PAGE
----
January 22, 2013

Speaking Of Mark Steyn

This column is spot on.

…Meanwhile, hot from the fiscal-cliff fiasco, the media are already eagerly anticipating the next in the series of monthly capitulations by Republicans, this time on the debt ceiling. While I was abroad, a Nobel Prize-winning economist, a Harvard professor of constitutional law, a prominent congressman and various other American eminencies apparently had a sober and serious discussion on whether the United States Treasury could circumvent the debt constraints by minting a trillion-dollar platinum coin. Although Joe Weisenthal of Business Insider called the trillion-dollar coin “the most important fiscal policy debate you’ll ever see in your life,” most Democratic pundits appeared to favor the idea for the more straightforward joy it affords in sticking it to the House Republicans. No more tedious whining about spending from GOP congressmen. Next time Paul Ryan shows up in committee demanding to know about deficit reduction plans, all the Treasury Secretary has to do is pull out a handful of trillion-dollar coins from down the back of the sofa and tell him to keep the change.

The trillion-dollar groat fever ran a vague bell with me. Way back in 1893, Mark Twain wrote a short story called “The Million Pound Bank Note,” which in the 1950s Ronald Neame made into a rather droll film. A penniless American down and out in London (Gregory Peck) is presented by two eccentric Englishmen (Ronald Squire and Wilfrid Hyde-White) with a million-pound note, which they have persuaded the Bank of England to print in order to settle a wager. One of the English chaps believes that simple possession of the note will allow the destitute Yank to live the high life without ever having to spend a shilling. And so it proves. He goes to the pub for lunch, offers the note, and the innkeeper explains that he’s unable to make change for a million pounds, but is honored to feed him anyway. He then goes to be fitted for a suit, and again the tailor regrets that he can’t provide change for a million pounds but delightedly measures him for dress suits, silk shirts and all the rest. I always liked the line Mark Twain’s protagonist uses on a duke’s niece he’s sweet on: He tells her “I hadn’t a cent in the world but just the million pound note.”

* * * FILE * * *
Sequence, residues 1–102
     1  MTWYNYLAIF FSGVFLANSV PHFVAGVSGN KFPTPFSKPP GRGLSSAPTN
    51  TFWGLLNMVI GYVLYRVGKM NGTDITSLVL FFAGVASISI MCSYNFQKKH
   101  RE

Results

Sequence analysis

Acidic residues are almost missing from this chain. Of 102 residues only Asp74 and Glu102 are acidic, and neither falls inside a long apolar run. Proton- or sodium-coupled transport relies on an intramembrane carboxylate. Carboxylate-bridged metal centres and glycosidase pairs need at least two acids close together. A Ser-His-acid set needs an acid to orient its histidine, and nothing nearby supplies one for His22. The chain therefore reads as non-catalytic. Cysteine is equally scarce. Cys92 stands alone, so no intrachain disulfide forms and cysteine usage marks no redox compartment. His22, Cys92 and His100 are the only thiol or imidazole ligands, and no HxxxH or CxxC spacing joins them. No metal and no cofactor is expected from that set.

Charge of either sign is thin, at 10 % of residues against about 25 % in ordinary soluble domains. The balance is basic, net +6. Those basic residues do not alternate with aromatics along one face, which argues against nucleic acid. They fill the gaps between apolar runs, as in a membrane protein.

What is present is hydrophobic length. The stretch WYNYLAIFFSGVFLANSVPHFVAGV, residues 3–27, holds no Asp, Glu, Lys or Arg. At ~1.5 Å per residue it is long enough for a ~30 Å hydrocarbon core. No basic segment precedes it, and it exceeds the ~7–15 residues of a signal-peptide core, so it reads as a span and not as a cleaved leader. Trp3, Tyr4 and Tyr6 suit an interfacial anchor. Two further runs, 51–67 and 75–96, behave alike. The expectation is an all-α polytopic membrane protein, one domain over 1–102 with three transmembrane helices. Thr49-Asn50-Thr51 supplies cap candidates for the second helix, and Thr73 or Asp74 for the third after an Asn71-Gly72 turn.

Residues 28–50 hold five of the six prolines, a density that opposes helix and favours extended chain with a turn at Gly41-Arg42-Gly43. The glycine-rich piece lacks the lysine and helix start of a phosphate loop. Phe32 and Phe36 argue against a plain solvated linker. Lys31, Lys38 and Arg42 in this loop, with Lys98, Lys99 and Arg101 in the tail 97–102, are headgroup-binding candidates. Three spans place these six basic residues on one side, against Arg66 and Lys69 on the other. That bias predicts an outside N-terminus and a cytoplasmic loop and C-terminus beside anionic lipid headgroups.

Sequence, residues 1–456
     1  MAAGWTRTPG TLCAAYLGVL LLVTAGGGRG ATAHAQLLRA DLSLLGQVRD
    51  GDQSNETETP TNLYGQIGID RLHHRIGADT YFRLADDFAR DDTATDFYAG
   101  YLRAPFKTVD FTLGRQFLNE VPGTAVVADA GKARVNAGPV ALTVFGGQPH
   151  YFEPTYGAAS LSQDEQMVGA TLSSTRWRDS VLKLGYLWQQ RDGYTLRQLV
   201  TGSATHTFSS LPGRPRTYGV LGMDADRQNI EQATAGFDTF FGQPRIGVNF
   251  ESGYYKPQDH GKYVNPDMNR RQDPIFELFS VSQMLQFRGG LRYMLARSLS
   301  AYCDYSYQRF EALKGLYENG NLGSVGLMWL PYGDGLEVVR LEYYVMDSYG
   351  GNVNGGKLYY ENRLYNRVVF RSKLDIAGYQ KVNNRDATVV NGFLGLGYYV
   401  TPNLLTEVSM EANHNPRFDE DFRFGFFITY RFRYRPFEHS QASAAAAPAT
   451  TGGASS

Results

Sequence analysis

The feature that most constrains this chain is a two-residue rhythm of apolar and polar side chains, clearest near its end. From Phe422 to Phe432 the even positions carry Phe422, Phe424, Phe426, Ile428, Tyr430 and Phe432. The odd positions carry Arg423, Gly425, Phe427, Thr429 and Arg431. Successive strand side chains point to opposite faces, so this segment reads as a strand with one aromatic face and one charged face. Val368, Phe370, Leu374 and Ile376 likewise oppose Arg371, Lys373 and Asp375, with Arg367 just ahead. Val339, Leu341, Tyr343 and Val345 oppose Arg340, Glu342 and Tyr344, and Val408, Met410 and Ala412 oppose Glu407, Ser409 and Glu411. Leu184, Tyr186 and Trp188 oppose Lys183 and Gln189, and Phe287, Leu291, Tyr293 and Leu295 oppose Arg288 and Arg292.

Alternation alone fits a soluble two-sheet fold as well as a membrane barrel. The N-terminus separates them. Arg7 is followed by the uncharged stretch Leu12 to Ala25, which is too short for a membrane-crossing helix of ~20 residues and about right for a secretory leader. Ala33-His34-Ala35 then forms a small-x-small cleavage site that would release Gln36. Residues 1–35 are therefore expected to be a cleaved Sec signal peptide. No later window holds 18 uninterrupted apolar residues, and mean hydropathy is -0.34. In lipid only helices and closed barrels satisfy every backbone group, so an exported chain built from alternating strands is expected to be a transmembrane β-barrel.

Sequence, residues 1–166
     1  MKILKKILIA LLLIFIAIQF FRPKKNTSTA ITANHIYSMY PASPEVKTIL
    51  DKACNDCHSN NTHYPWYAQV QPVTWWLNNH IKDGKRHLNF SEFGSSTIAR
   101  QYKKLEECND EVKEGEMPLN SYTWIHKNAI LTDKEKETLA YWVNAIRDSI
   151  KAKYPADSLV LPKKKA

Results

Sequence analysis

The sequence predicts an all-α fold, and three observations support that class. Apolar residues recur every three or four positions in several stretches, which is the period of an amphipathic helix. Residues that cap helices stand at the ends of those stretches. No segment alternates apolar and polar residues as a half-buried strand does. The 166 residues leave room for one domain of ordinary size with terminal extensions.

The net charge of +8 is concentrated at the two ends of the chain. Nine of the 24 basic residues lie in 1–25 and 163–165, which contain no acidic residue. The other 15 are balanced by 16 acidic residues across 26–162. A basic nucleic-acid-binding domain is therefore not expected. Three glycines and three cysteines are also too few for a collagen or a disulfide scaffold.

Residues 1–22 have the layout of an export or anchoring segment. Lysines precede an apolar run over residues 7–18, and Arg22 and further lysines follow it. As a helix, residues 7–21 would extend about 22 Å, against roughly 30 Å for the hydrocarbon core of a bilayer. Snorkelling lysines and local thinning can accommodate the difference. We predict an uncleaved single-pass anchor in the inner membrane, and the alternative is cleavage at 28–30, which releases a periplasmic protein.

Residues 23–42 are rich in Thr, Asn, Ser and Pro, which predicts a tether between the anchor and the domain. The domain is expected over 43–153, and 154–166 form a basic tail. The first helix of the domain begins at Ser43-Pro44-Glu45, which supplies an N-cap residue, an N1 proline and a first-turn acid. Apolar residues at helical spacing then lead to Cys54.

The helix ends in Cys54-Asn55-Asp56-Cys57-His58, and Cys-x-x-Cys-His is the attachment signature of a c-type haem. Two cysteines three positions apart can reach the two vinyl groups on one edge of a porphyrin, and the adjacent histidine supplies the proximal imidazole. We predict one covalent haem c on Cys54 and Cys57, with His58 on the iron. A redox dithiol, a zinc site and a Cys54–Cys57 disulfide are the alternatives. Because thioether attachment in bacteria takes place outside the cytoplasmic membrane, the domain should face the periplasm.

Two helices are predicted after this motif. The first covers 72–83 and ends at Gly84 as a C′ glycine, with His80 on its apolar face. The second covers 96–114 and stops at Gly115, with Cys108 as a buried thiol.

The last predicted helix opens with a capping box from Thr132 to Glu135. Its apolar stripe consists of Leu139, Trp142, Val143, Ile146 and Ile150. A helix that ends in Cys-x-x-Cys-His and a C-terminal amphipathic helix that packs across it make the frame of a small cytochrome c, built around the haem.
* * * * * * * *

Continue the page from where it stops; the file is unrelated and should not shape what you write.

That’s Paul Krugman’s solution for America as it prepares to bust through another laughably named “debt limit”: We’d be a nation that hasn’t a cent in the world but just a trillion-dollar coin – and what more do we need? As with Gregory Peck in the movie, the mere fact of the coin’s existence would ensure we could go on living large. Indeed, aside from inflating a million quid to a trillion bucks, Professor Krugman’s proposal economically prunes the sprawling cast of the film down to an off-Broadway one-man show with Uncle Sam playing every part: A penniless Yank (Uncle Sam) runs into a wealthy benefactor (Uncle Sam) who has persuaded the banking authorities (Uncle Sam) to mint a trillion-dollar coin that will allow Uncle Sam (played by Uncle Sam) to extend an unending line of credit to Uncle Sam (also played by Uncle Sam).

This seems likely to work. As for the love interest, in the final scene, Paul Krugman takes his fake dead girlfriend (played by Barack Obama’s composite girlfriend) to a swank restaurant and buys her the world’s most expensive bottle of champagne (played by Lance Armstrong’s urine sample).

The entire column is here.

by @ 1:25 pm. Filed under Great Commentary
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2 Responses to “Speaking Of Mark Steyn”

  1. The Gray Monk Says:

    A ‘new’ Gold Standard? The “Platinum Standard” perhaps?

    All in a single coin. Nice thought, it could work, but you really wouldn’t want anyone to drop it down the drain by accident …

  2. Mrs Wolf Says:

    Gray Monk


    Obama would probably have these platinum coins minted by the millions as his liberal constituency swooned over how their fearless (feckless?) leader had saved the economy for all time.